Autonomous vehicles could have technology for the blind

Autonomous vehicles could have technology for the blind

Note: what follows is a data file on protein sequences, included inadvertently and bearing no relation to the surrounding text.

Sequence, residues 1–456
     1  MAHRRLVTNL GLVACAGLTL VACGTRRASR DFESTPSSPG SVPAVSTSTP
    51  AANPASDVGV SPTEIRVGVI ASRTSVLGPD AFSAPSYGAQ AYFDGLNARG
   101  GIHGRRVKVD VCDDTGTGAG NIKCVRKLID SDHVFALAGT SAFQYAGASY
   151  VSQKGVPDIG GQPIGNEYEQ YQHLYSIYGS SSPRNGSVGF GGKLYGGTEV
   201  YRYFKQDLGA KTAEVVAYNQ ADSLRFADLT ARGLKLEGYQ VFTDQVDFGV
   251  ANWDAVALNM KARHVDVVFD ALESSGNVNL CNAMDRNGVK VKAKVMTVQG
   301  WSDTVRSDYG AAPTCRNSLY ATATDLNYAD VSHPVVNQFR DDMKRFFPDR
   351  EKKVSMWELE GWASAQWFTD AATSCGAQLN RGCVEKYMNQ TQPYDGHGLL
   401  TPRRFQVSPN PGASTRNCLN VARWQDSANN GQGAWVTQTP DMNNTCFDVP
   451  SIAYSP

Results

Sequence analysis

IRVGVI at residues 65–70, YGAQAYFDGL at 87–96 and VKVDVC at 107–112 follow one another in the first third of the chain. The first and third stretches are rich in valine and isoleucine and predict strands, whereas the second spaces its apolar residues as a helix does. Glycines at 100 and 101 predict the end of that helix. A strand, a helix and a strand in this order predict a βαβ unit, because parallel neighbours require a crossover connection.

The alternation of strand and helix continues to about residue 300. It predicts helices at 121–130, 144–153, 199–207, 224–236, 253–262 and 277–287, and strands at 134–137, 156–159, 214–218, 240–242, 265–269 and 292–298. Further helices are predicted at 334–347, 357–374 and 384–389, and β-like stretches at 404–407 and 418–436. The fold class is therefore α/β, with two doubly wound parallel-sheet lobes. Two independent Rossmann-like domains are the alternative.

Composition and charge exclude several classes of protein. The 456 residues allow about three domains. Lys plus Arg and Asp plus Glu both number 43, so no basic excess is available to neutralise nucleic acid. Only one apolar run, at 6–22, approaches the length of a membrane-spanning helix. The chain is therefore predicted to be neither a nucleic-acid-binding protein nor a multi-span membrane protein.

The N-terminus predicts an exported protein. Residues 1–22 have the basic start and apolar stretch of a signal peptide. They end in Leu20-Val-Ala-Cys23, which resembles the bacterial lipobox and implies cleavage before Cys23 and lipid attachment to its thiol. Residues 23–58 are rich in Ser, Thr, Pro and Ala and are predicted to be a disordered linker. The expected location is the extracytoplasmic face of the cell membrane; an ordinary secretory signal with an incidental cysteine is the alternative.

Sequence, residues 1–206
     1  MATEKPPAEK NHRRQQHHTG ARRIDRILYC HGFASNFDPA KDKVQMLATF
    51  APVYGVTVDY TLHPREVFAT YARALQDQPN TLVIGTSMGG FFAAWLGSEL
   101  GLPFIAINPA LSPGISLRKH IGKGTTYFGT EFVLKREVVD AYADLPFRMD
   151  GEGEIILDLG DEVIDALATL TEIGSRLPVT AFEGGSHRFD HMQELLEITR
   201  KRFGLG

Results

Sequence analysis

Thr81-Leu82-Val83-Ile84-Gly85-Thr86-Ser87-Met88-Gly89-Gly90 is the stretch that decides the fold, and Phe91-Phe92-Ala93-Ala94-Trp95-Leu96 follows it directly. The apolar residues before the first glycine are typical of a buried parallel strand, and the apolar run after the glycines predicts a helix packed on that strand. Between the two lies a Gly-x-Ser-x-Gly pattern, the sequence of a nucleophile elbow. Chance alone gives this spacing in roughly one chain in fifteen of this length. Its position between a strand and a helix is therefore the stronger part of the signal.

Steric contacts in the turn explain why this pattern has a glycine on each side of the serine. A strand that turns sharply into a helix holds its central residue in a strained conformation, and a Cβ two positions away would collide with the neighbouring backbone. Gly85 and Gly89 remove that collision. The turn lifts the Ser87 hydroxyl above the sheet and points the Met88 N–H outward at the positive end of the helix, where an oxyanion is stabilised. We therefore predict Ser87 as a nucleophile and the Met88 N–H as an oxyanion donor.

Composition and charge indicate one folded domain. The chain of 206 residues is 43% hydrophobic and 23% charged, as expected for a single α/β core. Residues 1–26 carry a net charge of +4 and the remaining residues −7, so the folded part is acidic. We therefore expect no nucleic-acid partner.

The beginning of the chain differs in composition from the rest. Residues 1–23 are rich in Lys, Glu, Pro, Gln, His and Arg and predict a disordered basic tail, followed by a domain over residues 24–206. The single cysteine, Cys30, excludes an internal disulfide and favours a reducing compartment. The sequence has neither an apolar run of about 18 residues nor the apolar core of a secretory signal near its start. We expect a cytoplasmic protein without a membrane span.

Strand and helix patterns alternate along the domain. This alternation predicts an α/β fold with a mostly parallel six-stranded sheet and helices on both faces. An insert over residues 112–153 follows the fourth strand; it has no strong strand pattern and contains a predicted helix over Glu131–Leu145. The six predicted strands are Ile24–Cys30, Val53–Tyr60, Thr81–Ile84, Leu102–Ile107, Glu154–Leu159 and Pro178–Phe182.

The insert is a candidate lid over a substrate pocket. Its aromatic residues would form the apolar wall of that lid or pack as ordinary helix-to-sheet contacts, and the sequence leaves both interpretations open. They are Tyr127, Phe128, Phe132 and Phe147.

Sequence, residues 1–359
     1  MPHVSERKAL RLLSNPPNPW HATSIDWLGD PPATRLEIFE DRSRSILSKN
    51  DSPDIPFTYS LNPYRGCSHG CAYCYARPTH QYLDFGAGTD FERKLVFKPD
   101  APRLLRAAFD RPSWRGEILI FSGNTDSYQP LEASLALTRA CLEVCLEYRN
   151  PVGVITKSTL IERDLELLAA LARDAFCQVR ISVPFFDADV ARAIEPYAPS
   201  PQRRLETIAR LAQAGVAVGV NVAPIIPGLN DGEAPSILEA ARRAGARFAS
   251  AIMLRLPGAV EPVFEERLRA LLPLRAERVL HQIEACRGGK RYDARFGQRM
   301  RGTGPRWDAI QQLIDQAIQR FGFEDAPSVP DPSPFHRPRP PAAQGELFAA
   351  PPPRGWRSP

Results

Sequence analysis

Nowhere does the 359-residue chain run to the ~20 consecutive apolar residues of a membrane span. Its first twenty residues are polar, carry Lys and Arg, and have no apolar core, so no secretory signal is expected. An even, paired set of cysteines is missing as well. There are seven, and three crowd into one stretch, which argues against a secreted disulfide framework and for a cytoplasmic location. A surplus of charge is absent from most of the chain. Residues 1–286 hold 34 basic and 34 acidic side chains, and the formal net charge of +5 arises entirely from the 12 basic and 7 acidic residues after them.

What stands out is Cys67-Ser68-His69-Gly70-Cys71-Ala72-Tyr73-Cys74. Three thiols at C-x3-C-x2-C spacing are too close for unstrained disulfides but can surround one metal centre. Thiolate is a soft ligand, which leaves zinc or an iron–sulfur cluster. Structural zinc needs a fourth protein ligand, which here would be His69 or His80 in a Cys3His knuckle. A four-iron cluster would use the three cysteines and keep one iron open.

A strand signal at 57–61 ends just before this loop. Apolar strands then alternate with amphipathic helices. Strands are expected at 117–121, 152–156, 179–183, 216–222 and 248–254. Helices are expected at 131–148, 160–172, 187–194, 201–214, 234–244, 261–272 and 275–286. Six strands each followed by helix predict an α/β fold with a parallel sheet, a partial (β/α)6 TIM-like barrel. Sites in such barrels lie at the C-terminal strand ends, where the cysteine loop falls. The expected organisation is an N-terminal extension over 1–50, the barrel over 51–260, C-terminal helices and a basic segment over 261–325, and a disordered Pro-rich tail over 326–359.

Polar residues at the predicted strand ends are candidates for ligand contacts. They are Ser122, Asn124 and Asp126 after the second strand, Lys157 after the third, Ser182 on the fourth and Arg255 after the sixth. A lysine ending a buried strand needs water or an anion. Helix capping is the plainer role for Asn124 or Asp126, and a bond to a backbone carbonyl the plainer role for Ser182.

In 2012, Steve Mahan, blind, climbed into the driver’s seat of a car with autonomous driving and went to the self-service of a Taco Bell . This audiovisual production of Google , which has been seen by more than 8 million people online, captures the potential of technology of autonomous vehicles and how they can change the lives of blind people. In accordance with AP , the defenders of autonomous vehicles say that, in addition to helping the disabled, this type of cars will allow people to do other things while driving and thus the road becomes safer by eliminating human error. Referential image. Getty Images However, the national protectors of the approximately 1.3 million legally blind people in the United States are concerned that the industry is not considering their needs in the design of the new technology, an error that can make cars more expensive and more expensive. difficult access for them. “Although we have seen ourselves as obvious beneficiaries of technology in conversations and presentations, this will have been exploitation if the systems are not accessible,” said Anil Lewis, executive director of the Jernigan Institute of the National Federation of the Blind. IT MAY INTEREST YOU: New ICE operations leave at least 12 arrested in western North Carolina In a study at the University of Florida, blind people are using experimental software that could be easily installed on people’s cars and phones. With this program, the person communicates with a computer in front of it to which it indicates where it is going and the computer warns the road and the obstacles that are presented in it. The researcher Julian Brinkley developed this program, called ‘Atlas’, with which, through tests, she deciphers the specific needs of blind people when using autonomous vehicles. RELATED: Waymo shows what happens when traveling in a car … without a driver! (VIDEO) Researchers from the Massachusetts Institute of Technology, Texas A & M University and the US Army Research Laboratory are also working on accessibility issues for driverless vehicles for blind people and other people with disabilities. Waymo , the company of autonomous vehicles of Google, is developing a mobile application, with Braille labels and audio signals. Autonomous car industry analysts say that the needs of people with disabilities are discussed as designers realize how users interact with cars, but there are many competing demands.

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